Why you don’t want your employees (or customers) to be “happy”

In the past couple of weeks, we’ve fielded multiple calls from speakers bureaus or prospective clients wondering if I could come give a speech on how to make employees or customers more “happy.”

Perhaps it’s because of the monster hit by Pharrell Williams…maybe it’s business books like “The Happiness Advantage” or, “The Happiness Project.”  Heck, maybe it’s even “Happy, Happy, Happy” by reality TV star Phil Robertson of “Duck Dynasty.”

But, here’s the problem:  I don’t believe you should have a goal to help your employees — or your customers — to be “happy.”

When I read dictionary definitions of “happy,” I see several descriptions of either brief or passing moments that frequently happen of a random nature.  Or, I see other definitions that describe mere “satisfaction” — as in, she was “happy with the level of service she received.”

Maybe this is at the core of my bias — I’ve just finished reading a couple of articles about how lottery winners frequently go bankrupt.  I’m certain they are “happy” beyond description when they discover the numbers of their ticket are perfectly aligned with the results of the serendipitous drawing.  However, given the eventual outcome…do they remain “happy”?  Probably not.

I strongly prefer the word “joy” — or “joyful” — as being infinitely superior to “happy.”

The reason is that “joy” implies both a deeper…and a more sustained and significant…feeling of substantial pleasure and thrill.

The service, for example, at Sullivan’s in Indianapolis makes me happy — however, the reason that I’m a loyal customer is that it is a JOY to eat there.  The individual occasion is one that is happy…but, it’s the sustained pleasure that makes me a repeat and committed customer.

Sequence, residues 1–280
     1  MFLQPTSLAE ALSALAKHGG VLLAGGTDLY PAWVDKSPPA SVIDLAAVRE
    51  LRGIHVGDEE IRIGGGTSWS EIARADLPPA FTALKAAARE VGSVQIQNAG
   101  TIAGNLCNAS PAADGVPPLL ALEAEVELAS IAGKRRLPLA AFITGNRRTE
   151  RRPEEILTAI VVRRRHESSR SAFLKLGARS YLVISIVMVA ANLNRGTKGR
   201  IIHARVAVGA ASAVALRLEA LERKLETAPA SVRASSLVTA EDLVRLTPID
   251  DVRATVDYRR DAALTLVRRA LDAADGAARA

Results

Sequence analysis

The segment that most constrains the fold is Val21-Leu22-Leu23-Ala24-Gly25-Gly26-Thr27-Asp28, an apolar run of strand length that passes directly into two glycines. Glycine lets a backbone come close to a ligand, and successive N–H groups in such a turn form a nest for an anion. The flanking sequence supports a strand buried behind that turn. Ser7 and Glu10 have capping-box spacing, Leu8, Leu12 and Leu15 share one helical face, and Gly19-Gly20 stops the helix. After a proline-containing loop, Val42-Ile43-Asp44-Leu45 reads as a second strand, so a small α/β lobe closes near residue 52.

To use a more outrageous example, if the happy lottery winners bought cars and boats with their winnings, those possessions won’t continue to inspire happiness as everything else goes down in flames.  However, if the lucky winners took their gain and contributed to organizations that would continue to do great work even if a personal bankruptcy ensured, a persistent feeling of joy remains a potential outcome.

Don’t get me wrong — individual occasions of happiness are building blocks of sustained joy.  Yet, happiness — at least in the working definition that I’m employing here — can also indicate mere “satisfaction.”  Every study I’ve seen indicates that simply satisfying your customers or employees is a caliber of service that is not high enough to create loyalty and drive retention.

You see, I’m not advocating the point of “not making customers or employees happy” because I prefer an alternative of “making them sad or mad.” 

Rather, I’m strongly suggesting to you that mere “happiness” is a standard that is neither high enough nor prolonged enough for you and your organization.  It’s not enough for you to be endearing…you want to be enduring, as well.

Organizations that create distinction — and deliver an Ultimate Customer Experience ® for both internal and external customers — not only create moments of happiness…they inspire a consistently compelling sense of joy.

 

 

(If you’d like more information on this — it will be addressed in future posts, and in my forthcoming book.)

When advancements aren’t accompanied by acceptance…